My Son’s Feeding Tube Journey: From PEG to G-Tube
If you are looking for more information about feeding tubes, check out The Ultimate G-Tube Resource Guide on my personal blog.
I am sharing my son’s story as well as sharing a curated collection of the many photos I took of him during the 4 1/2 years he had a feeding tube.
My son, Apollo, had a feeding tube from the age of 22 months until he was six and a half years old. Then entire time his g-tube was in place we had a love-hate relationship with tube feeding. I loved that the tube allowed him to be fed- it literally kept him alive, but at the same time hated the foreign object sticking out of his stomach. I hated the seemingly constant g-tube infections and irritation. I hated always worrying that it would be caught on something and pulled out.
G-Tube Due to Compression of Esophagus
Apollo’s feeding tube was placed due to compression on his esophagus that made eating extremely difficult. Every bite of food had to be washed down with water and he was constantly at risk of choking.
I took hundreds of photos over the years that Apollo had his feeding tube. Part of me wanted to document this detail of his life, just as I document the other areas. Another part of me wanted to normalize tube-feeding. I wanted others to be familiar with the way my son ate. Here is a collection of feeding tube images I have taken over the years.
If you want to purchase any of these for presentations, books, publication etc, feel free to contact me.
One of the first things to learn about having a tube-fed toddler was how to manage feedings out in public without undressing him. Button up shirts turned out to be one great option. One-piece clothing and bodysuits, not so much.
Life Goes On and Shouldn’t be Limited by G-Tube
My husband, Chuck, and I were determined to let Apollo live his best life tube fed or not. We fed him on the go wherever we were and tried to avoid limiting him from typical toddler activities… This is one of my favorite images of him…taking a break on the beach while he eats his lunch via g-tube.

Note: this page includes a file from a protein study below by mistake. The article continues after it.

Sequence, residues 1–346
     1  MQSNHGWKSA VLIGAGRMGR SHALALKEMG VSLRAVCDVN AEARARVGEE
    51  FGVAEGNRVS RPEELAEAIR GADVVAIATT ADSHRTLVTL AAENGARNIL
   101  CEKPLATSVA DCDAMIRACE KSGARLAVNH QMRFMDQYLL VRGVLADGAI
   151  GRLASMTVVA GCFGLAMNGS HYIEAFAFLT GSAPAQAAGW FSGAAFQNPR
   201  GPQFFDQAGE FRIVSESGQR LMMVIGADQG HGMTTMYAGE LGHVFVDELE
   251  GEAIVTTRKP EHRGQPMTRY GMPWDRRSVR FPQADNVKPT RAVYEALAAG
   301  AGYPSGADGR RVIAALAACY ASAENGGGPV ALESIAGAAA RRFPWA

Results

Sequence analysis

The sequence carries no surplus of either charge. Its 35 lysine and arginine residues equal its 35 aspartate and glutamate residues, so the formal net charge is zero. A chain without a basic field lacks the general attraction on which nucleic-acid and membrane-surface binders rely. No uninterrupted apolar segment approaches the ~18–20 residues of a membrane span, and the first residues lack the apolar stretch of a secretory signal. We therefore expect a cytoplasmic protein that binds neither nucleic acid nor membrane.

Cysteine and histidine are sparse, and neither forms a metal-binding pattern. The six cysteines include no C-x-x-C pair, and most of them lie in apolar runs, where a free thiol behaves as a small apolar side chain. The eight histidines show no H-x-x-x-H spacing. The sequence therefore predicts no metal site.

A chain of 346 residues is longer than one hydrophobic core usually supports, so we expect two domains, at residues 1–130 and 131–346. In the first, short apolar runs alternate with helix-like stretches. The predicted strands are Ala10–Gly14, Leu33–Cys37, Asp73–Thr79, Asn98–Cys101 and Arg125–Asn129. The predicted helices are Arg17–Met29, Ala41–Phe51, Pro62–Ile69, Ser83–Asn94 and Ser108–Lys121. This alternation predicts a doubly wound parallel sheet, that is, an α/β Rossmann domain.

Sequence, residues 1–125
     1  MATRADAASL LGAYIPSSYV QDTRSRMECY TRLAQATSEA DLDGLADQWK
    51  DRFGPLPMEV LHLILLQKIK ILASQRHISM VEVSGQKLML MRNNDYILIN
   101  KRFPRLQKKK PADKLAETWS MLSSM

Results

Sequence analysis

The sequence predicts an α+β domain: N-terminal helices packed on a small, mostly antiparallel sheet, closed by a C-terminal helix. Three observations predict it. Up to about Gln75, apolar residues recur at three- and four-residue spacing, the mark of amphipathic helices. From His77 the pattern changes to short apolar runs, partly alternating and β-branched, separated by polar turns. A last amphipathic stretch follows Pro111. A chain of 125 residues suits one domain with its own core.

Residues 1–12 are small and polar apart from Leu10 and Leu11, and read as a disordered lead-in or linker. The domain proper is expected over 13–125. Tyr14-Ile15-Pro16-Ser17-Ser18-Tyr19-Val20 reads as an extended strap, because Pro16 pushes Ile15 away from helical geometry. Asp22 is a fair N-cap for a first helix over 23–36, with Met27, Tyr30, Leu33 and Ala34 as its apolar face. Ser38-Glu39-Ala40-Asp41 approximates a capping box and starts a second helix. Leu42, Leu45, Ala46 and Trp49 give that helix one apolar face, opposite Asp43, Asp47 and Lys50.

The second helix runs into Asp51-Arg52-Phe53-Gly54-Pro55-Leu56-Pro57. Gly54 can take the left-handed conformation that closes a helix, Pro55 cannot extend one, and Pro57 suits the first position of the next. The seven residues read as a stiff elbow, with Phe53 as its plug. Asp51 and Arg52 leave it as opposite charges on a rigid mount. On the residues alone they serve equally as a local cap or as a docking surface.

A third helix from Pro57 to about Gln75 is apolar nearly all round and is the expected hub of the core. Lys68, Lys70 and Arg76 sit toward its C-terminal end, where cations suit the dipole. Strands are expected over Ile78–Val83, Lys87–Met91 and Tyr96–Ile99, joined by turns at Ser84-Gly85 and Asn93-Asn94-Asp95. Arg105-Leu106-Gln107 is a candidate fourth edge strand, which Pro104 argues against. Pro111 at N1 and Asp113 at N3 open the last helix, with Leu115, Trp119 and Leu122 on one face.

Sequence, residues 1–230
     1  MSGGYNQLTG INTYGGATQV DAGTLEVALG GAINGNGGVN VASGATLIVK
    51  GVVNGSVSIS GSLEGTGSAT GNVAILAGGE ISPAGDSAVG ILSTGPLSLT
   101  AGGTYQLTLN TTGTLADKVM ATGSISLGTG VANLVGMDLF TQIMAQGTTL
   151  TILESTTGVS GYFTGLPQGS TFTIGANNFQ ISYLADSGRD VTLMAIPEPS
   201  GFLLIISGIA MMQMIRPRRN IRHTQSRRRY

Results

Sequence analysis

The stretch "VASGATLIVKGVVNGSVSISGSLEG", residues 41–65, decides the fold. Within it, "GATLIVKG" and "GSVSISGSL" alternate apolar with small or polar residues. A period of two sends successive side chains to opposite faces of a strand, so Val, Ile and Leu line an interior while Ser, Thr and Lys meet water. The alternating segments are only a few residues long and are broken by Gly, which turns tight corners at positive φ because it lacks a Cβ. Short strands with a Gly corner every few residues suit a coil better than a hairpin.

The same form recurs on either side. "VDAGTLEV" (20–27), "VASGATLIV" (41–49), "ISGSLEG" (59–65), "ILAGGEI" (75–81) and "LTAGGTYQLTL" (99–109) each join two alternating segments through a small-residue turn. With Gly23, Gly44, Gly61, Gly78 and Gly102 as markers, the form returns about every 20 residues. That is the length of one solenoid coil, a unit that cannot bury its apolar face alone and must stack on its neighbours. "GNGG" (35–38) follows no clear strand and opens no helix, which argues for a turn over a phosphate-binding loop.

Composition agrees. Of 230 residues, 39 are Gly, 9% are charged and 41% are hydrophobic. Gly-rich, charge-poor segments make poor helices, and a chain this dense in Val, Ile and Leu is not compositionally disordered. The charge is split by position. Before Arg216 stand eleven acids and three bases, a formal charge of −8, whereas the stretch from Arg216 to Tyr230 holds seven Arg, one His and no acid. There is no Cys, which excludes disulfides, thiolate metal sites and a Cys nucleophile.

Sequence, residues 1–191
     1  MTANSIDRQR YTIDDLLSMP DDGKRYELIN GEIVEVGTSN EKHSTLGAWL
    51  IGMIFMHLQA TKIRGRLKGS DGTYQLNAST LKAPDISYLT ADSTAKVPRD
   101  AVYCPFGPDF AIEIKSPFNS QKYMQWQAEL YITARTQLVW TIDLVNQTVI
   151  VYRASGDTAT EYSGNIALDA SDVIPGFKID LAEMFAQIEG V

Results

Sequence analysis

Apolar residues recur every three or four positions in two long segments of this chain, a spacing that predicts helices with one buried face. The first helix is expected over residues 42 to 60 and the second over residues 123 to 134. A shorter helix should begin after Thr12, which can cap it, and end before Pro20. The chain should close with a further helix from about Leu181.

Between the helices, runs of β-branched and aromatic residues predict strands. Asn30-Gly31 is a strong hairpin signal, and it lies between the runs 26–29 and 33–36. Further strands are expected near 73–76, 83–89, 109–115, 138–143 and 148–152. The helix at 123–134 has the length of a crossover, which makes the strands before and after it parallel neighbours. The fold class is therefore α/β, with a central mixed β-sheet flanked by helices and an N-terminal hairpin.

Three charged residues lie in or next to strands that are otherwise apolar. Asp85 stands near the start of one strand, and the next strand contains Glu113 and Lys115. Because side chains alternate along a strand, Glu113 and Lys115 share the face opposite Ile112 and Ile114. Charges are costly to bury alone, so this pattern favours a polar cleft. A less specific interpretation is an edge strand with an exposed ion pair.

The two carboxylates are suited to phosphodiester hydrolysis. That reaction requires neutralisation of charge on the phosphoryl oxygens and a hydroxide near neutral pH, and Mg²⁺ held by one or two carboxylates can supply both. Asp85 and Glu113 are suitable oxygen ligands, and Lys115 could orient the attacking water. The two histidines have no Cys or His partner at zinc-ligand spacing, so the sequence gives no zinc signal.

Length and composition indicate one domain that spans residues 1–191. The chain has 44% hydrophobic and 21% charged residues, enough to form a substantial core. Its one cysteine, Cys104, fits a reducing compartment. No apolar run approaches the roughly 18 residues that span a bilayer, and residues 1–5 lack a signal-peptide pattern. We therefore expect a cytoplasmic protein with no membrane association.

Apollo being tube-fed on a camping trip. I’ll be honest, camping with a g-tube could be complicated, but we always found a way to make it work.
Apollo being fed via g-tube at the Houston Zoo. We had to take Apollo to Texas when he was just 2 1/2 to have his double aortic arch repaired.
Apollo’s G-Tube Meant a Lot of Downtime as he Recovered
When Apollo’s g-tube was placed, the hospital sent us home with a tiny backpack to hold his feeding pump so he could remain active while being tube fed. Unfortunately, Apollo had a thoracotomy just six weeks earlier. The large scar on his back wasn’t yet healed and he couldn’t wear the backpack. This meant lots of downtime and DVD’s to keep his still during feedings.
PEG before Mic-Key
Back in 20012 when Apollo had his feeding tube placed, Seattle Children’s Hospital policy was to first put in a PEG tube and after letting the stoma heal for three months, to replace it with a smaller g-tube called a mic-key.
The PEG was a nightmare, as it left 8 inches of tubing hanging out of son’s stomach…and we had to guard it carefully to make sure it wasn’t pulled out.
We love living in the Pacific Northwest and exploring during the summer months. We never let Apollo’s g-tube didn’t stop us from enjoying a day at the beach.
Tube Feeding in a Car Seat Provided Challenges
Tube-feeding on road trips could be a challenge. Trying to access Apollo’s feeding tube while he was buckled into his car seat propery required some planning ahead. If we were going on a long trip and planning to tube feed him while driving we would attach his extension while buckling him in so it was accessible during the drive.
As Apollo grew we always tried to show him that his g-tube wasn’t anything to be embarrassed about. We tried to instill confidence in him that this was just a different way of eating. He didn’t always feel that way but we did our best to normalize it.
Apollo had his g-tube removed and surgically closed when he was six-years-old. Unfortunately, he developed a staph infection and had to have his wound opened and drained. He eventually recovered and is now thriving.
Apollo’s scar is amazingly small, given all he went through with staph.
For several years, we knew it was a possibility that he would be tube-fed into adulthood. Now, at age nine, he proudly shows off his scar and is starting to forget what it was like to be tube-fed.